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Cars beat drivers in Barcelona and a wish-list of changes for 2017

Sky Sports F1's Martin Brundle reflects on another processional race at the Circuit de Catalunya and reveals how he'd improve F1 for 2017

It would be reasonable to expect that any annual sporting event which had nine different winners over nine years would be quite a spectacle but unfortunately F1 in Barcelona can be rather steady on occasions.

This is backed up by another statistic that three quarters of the 25 races held at the track have been won by the pole sitter. It's a car circuit.

Things could have been so different but for two fleeting moments. First, the wheelspin Lewis Hamilton had off the startline which put him behind Sebastian Vettel and so nearly Valtteri Bottas too. The other was the lumpy first pit-stop which prevented any chance of him undercutting Vettel’s Ferrari with a banzai lap on fresh tyres.

The resulting need to stop three times to ease his Mercedes past the Ferrari meant that he didn't have a realistic chance of catching the serene Nico Rosberg out front, who was calmly taking his first victory of the year which he deservedly earned by seizing pole position on Saturday.

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Ferrari were 45.3 seconds behind at the finish but it's worse than that. Rosberg was cruising up front and the Italian team have much to do in order to understand their numerous updates and to close the real performance gap to Mercedes outside of any track and temperature variations.

To compound that Kimi Raikkonen had a relatively miserable weekend, struggling to stop his car sliding around and even going back to the old set-up which is always a sign of lost direction and desperation, and which the man himself described as a ‘sacrifice’ to help the team back-to-back car set-ups.

Once again the ever-impressive Bottas placed his Williams between the two Ferraris for another very assured performance.

With no Safety Car to spice up the action, we were left with the tail end of the top ten to entertain us. Pastor Maldonado was on the move early on and once again looked impressive before enduring a series of mishaps.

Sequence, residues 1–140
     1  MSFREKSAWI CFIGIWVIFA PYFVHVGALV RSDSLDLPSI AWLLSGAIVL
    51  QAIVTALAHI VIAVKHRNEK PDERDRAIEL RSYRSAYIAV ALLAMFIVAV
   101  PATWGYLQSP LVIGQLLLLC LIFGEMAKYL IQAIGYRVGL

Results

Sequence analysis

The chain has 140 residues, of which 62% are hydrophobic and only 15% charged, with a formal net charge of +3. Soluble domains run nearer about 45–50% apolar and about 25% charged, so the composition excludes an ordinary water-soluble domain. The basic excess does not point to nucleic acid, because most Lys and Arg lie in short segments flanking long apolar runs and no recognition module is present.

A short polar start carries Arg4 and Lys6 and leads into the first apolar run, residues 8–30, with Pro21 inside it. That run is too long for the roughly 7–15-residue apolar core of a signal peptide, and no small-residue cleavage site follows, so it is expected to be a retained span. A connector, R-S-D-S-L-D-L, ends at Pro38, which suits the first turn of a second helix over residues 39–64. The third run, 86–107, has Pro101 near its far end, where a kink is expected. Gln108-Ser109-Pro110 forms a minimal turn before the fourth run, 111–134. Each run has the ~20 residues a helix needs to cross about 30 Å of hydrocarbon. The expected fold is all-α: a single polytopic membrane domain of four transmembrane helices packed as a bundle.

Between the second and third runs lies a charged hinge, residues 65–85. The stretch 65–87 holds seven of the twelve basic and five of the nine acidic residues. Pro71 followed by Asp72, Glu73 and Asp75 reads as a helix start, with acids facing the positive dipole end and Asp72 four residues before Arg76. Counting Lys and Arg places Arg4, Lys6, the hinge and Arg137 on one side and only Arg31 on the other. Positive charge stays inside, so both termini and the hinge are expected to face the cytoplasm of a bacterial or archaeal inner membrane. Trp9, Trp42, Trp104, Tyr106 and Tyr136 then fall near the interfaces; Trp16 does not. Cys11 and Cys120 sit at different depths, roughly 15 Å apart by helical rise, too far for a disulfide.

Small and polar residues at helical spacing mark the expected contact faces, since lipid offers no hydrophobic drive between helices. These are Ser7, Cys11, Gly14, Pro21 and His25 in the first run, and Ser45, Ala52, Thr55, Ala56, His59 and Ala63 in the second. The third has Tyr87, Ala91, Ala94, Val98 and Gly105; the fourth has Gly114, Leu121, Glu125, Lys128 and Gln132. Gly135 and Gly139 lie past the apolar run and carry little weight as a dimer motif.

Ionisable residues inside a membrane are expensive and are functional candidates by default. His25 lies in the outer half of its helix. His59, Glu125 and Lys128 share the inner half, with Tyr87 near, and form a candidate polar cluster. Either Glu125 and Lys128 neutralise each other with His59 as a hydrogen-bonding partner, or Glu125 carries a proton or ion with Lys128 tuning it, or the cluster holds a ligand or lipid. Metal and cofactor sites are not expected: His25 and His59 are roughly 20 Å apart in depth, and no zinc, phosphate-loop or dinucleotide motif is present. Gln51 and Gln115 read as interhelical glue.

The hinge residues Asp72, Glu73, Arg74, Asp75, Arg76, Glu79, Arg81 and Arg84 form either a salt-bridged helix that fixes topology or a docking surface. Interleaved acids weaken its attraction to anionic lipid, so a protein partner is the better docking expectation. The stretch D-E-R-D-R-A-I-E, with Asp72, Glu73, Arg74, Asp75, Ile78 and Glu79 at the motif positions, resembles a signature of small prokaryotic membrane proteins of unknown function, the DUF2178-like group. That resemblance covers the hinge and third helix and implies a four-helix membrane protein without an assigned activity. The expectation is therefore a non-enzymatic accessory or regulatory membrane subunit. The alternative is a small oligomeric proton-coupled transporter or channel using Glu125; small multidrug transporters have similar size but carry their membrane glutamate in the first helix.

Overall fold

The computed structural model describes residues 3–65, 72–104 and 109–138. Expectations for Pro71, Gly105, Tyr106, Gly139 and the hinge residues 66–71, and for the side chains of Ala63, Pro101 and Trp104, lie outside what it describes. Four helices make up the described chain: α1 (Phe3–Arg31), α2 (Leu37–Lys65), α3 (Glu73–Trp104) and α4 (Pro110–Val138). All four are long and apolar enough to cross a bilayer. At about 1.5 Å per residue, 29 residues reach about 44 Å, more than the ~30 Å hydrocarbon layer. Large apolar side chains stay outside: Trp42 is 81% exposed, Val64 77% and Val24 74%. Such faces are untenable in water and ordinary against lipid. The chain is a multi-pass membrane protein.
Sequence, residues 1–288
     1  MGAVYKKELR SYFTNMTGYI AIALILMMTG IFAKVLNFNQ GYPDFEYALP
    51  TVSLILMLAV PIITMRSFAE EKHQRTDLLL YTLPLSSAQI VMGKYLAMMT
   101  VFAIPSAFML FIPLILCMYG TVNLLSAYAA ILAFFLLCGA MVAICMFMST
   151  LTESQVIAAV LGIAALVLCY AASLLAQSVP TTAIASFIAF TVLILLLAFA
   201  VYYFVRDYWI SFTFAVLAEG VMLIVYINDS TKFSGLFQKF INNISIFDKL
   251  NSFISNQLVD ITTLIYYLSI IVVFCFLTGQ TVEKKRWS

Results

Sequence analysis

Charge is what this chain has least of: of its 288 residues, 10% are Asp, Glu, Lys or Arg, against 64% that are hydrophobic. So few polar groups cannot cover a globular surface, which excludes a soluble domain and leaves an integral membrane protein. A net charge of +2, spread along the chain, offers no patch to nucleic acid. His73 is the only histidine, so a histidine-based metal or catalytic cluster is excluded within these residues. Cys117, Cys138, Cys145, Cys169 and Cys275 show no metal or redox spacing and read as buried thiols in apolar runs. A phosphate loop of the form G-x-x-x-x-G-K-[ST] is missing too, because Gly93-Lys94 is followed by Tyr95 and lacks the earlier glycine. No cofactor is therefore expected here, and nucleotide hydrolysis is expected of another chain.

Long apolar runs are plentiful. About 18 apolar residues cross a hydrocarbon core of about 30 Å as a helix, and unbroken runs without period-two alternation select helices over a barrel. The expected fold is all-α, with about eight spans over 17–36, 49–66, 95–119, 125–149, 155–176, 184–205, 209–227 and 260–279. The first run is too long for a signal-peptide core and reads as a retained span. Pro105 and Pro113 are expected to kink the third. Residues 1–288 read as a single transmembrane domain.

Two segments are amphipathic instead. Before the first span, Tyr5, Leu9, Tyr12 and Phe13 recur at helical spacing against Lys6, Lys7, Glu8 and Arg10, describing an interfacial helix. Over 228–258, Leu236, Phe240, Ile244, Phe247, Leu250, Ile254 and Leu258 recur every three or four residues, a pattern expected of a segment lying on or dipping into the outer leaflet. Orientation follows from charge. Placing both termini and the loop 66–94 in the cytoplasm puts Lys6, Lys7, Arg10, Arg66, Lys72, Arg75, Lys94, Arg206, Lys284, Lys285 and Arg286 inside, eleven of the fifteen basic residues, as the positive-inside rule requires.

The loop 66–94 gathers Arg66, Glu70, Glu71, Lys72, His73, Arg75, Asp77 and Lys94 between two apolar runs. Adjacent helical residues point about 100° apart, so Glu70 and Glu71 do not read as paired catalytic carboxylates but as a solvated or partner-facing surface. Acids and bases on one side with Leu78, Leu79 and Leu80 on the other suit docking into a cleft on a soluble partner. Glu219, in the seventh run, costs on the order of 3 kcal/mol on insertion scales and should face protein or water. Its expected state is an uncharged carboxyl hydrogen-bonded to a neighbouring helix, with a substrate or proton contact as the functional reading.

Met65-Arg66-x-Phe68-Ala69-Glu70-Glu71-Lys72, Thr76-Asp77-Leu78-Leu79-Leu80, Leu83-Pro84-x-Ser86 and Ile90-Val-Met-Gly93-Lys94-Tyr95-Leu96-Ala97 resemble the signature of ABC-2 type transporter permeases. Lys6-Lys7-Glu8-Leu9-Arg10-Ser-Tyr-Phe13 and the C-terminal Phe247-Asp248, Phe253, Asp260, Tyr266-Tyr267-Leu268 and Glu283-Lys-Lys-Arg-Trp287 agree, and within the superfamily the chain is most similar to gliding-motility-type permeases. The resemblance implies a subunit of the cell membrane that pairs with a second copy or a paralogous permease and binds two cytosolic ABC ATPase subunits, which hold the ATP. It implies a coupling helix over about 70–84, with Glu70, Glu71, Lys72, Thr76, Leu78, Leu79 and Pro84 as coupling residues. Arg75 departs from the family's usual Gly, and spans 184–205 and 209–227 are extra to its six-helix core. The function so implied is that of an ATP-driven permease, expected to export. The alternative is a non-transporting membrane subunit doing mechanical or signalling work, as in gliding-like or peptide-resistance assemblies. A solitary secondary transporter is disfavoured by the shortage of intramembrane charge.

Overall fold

He had one of those unnecessary Turn Three contacts with his team-mate Romain Grosjean which I’ve had myself, and although the damage was relatively slight it would force him in the pits for repairs and eventually out of the race again.

For McLaren it was all a rip-off with regard to Fernando Alonso. Not a comment on his annual salary mooching about in the lower midfield but unfortunately one of his visor rip-offs which caught in his own rear brake duct. Everyone is trained not to release those plastic strips into their own engine air box just above the driver’s head, so it was doubly cruel that it should end up blocking an equally crucial cooling duct.

With electric generators to help the cars slow down the rear brakes are essentially passengers from time to time and so in true F1 style are minimised to the extreme for weight and drag inducing cooling anyway. Front jack men are the unsung heroes of F1 as yet another had to jump out of the way of the brake-less Alonso.

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McLaren's Fernando Alonso overshoots his braking zone in the pits after his car fails to stop, nearly hitting the jackman.